Interesting Facts about Breweries in Slovenia

The popularity of beer in Slovenia may be expressed through figures. An average resident of the country drinks 78 litres of beer a year, and in total, there are about 60 small craft breweries in the country.

The times when it was possible to buy only Laško and Union beer in Slovenia remained in the past. The war between two breweries-monopolists followed by intrigues of the oligarchs resulted in a long-term decline in the beer market. New beer brands rarely entered the market in Slovenia, while the imported varieties were not in high demand due to high prices.

Today, as noted in the Euromonitor survey, only elderly people remain faithful to one brand of beer. The revolution in the beer market in Slovenia was made by small “garage” breweries, producing the so-called craft or boutique brands of beer. Fashion for them came to Slovenia from the Netherlands. When the Heineken Company bought the Union and Laško breweries in 2015, the market received an additional impetus for development. Through the Heineken distribution network, famous brands of beer started entering Slovenia at affordable prices. For this reason, other importers were also forced to reduce their prices. That was the beginning of the price war. The first fruit was the price for the Czech beer Staropramen. A 0.5-litre can of Staropramen beer cost 99 cents in many stores. In response, Laško Union lowered the price for its brands of beer to this mark as well. Today, a can of Heineken beer in one of the retail chains can be bought for slightly more than 1 euro.

According to the general secretary of the Association of Slovenian Brewers, Alenke Lesjak, the number of small breweries is growing. Their production capacity is low, but the Government encourages the development of such breweries by reducing excise rates. If a small brewery produces up to 20,000 hectolitres of beer a year, then the excise tax for it is reduced by 50%. The Financial Administration (Furs) states that excise rates for small breweries were reduced in August 2016.

Euromonitor estimates that low excise rates should encourage new producers to enter the market. According to Nik Bregantič, one of the four co-owners of Tovarne Pivovarne that brews Tektonik beer, in New Zealand, for example, 23% of boutique beer is brewed, in the USA—13.5%, in Poland—4.2%, and in Slovenia—only 0.7%. “It’s always difficult to start. After people in Slovenia have drunk only 2 beer brands for decades, we need to conduct a serious advertising campaign to change this situation,” Breganti says. He justifies the higher price for beer in small breweries by the fact that they use the best varieties of hops and quality raw materials.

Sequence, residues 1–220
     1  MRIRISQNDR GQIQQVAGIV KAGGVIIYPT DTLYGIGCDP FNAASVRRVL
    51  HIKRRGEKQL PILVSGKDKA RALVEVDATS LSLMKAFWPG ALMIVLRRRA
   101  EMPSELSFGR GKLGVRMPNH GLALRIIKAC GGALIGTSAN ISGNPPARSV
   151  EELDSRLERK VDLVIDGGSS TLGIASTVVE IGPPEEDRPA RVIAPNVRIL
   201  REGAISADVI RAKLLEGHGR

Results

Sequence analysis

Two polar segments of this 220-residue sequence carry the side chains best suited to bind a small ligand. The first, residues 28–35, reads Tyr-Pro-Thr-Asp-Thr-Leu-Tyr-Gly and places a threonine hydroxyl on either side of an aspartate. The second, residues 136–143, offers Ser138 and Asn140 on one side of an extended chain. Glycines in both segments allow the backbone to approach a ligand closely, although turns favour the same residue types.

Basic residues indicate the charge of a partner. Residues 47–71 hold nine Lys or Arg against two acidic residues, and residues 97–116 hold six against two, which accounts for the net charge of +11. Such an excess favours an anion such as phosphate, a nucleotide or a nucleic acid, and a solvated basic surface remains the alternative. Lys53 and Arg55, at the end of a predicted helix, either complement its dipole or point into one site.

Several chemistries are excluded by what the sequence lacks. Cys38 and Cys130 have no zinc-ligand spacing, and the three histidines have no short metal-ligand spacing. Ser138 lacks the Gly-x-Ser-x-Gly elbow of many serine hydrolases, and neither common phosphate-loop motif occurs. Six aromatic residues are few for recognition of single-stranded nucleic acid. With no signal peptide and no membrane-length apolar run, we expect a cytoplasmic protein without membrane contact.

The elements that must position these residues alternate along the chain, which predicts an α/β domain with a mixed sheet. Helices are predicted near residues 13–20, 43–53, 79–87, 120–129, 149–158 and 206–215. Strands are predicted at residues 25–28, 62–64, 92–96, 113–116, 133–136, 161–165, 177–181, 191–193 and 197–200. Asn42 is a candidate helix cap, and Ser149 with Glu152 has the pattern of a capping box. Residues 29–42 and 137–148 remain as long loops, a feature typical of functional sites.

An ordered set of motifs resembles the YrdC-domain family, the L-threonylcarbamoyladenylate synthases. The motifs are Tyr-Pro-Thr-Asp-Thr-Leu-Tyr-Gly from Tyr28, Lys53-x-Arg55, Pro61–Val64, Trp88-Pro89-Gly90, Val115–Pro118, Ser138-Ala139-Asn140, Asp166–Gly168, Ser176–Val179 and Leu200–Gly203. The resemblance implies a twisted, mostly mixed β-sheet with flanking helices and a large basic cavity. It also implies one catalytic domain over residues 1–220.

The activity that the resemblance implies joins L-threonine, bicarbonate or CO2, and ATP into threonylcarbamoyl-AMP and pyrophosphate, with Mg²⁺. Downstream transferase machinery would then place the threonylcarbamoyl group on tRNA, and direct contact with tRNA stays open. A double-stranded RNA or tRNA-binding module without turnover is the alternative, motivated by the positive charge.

The co-owner of the Pelicon brewery (Ajdovščina) Anita Lozar notes that the volume of production and individual approach to beer brewing affects the production cost. Lozar says that retailers and catering establishments have shown interest in boutique beer only recently. “We started brewing beer in Slovenia in 2013 and then I spent several months visiting various events. As a result, a 2–3-year-old advertising campaign has delivered benefits. If last year we sold 100,000 litres of beer, then this year we plan to sell 250,000 litres.”

The Byra Company, better known as Reservoir Dogs, also has ambitious plans. According to Andrej Sluga, the Company’s manager and one of its owners, this year they have attracted their friends and acquaintances to cooperation. Thus, they increased the brewery’s capital by 450,000 euros.

Euromonitor also mentions Bevog, Hopsbrew, Human Fish and Mali Grad. New trends in brewing, according to Euromonitor employees, motivated Laško Union to develop new beer brands, including boutique brands. In recent years, they introduced the Special brand from Laško and the Nepozabni brand from Union to the market. They also produced unfiltered light beer Union, and then—unfiltered dark beer under the same brand. A month ago, they started selling unpasteurized beer Laško as well.

According to Alenka Lesjak, about 1.6 million hectolitres of beer are drunk every year in Slovenia. According to the survey, conducted by the National Institute of Public Health, which involves data only for adults, beer consumption per capita exceeds 100 litres. She adds that the market share of beer brewed by Laško Union is about 68%, and about 30% of beer is imported. The share of small breweries in the Slovenian market is about 1%.